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Daniel Shays's Honorable Rebellion: An American Story

Daniel Shays's Honorable Rebellion: An American Story

by Daniel Bullen
Daniel Shays's Honorable Rebellion: An American Story

Daniel Shays's Honorable Rebellion: An American Story

by Daniel Bullen


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On January 25, 1787, in Springfield, Massachusetts, militia Major General William Shepard ordered his cannon to fire grapeshot at a peaceful demonstration of 1,200 farmers approaching the federal arsenal. The shots killed four and wounded twenty, marking the climax of five months of civil disobedience in Massachusetts, where farmers challenged the state’s authority to seize their farms for flagrantly unjust taxes. Government leaders and influential merchants painted these protests as a violent attempt to overthrow the state, in hopes of garnering support for strengthening the federal government in a Constitutional Convention. As a result, the protests have been hidden for more than two hundred years under the misleading title, “Shays’s Rebellion, the armed uprising that led to the Constitution.” But this widely accepted narrative is just a legend: the “rebellion” was almost entirely nonviolent, and retired Revolutionary War hero Daniel Shays was only one of many leaders. 
    Daniel Shays’s Honorable Rebellion: An American Story by Daniel Bullen tells the history of the crisis from the protesters’ perspective. Through five months of nonviolent protests, the farmers kept courts throughout Massachusetts from hearing foreclosures, facing down threats from the government, which escalated to the point that Governor James Bowdoin ultimately sent an army to arrest them. Even so, the people won reforms in an electoral landslide. 
    Thomas Jefferson called these protests an honorable rebellion, and hoped that Americans would never let twenty years pass without such a campaign, to rein in powerful interests. This riveting and meticulously researched narrative shows that Shays and his fellow protesters were hardly a dangerous rabble, but rather a proud people who banded together peaceably, risking their lives for justice in a quintessentially American story.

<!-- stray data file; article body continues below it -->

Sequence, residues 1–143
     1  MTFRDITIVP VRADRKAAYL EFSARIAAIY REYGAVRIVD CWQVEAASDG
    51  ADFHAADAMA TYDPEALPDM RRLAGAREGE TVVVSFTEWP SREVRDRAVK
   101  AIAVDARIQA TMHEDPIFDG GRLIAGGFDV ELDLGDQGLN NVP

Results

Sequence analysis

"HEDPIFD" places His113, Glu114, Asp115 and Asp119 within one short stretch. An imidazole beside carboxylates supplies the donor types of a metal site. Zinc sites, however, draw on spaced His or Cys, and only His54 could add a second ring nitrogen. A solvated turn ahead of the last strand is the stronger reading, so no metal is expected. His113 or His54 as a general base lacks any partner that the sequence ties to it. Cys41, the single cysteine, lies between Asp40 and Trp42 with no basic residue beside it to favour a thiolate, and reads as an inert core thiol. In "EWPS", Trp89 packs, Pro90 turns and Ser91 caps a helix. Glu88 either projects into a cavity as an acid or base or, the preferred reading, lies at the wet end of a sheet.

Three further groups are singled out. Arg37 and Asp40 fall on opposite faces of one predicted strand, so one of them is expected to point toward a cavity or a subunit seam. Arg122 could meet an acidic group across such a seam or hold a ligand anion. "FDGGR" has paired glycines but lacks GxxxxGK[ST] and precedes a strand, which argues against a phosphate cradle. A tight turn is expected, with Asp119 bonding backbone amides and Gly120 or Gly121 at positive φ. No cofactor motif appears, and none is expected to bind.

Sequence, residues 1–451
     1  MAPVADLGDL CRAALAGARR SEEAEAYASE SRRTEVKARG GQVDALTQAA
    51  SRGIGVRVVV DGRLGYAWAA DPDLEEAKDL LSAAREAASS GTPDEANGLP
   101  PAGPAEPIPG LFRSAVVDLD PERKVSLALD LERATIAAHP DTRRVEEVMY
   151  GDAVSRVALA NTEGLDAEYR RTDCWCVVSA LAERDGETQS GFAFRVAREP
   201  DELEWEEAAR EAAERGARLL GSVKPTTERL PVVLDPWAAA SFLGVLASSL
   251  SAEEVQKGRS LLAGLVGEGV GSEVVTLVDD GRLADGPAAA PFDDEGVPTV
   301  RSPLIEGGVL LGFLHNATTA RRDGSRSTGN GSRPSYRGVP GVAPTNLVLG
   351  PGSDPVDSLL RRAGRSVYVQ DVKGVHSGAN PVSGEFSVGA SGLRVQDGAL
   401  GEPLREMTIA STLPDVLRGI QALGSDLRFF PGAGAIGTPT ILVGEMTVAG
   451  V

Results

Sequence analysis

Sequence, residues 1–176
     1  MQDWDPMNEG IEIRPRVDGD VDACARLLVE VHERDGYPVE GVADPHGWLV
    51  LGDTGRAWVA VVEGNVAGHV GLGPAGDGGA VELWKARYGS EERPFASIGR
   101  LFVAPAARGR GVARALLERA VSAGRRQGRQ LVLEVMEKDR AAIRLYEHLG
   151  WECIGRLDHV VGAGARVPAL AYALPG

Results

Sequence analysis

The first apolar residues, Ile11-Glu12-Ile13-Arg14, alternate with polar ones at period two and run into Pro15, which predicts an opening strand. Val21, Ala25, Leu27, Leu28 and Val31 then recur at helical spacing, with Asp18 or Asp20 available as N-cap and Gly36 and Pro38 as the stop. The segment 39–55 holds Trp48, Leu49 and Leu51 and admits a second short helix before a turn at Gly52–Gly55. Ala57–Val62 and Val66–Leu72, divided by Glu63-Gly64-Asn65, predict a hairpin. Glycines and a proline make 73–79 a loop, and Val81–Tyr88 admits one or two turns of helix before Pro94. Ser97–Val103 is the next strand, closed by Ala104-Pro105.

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Product Details

ISBN-13: 9781594163654
Publisher: Westholme Publishing
Publication date: 11/11/2021
Pages: 320
Sales rank: 430,216
Product dimensions: 6.00(w) x 9.00(h) x 1.20(d)

About the Author

DANIEL BULLEN earned a PhD in American literature from New York University. He is the author of The Dangers of Passion: The Transcendental Friendship of Ralph Waldo Emerson and Margaret Fuller and The Love Lives of the Artists: Five Stories of Creative Intimacy. He lives in western Massachusetts.

Table of Contents

List of Illustrations ix

Timeline xi

Preface xvii

Introduction xxi

Prelude: January 25, 1787 3

1 The Crisis Begins 11

2 The Commonwealth Compounds the Problems 22

3 The Farmers Organize Their First Protest 49

4 A Middle Path 65

5 The Government Swings into Action 92

6 Confronting the Courts 110

7 Blood in the Snow 118

8 Shoring Up Support 128

9 "Murder, Murder" 138

10 Retreat into the Cold 157

11 The Force Dissolves 179

12 Refugees and Settlers 200

13 Starting Anew 209

14 New Life, Old Life 221

Epilogue: Reverberations and Echoes 225

Notes 235

Bibliography 265

Acknowledgments 274

Index 277

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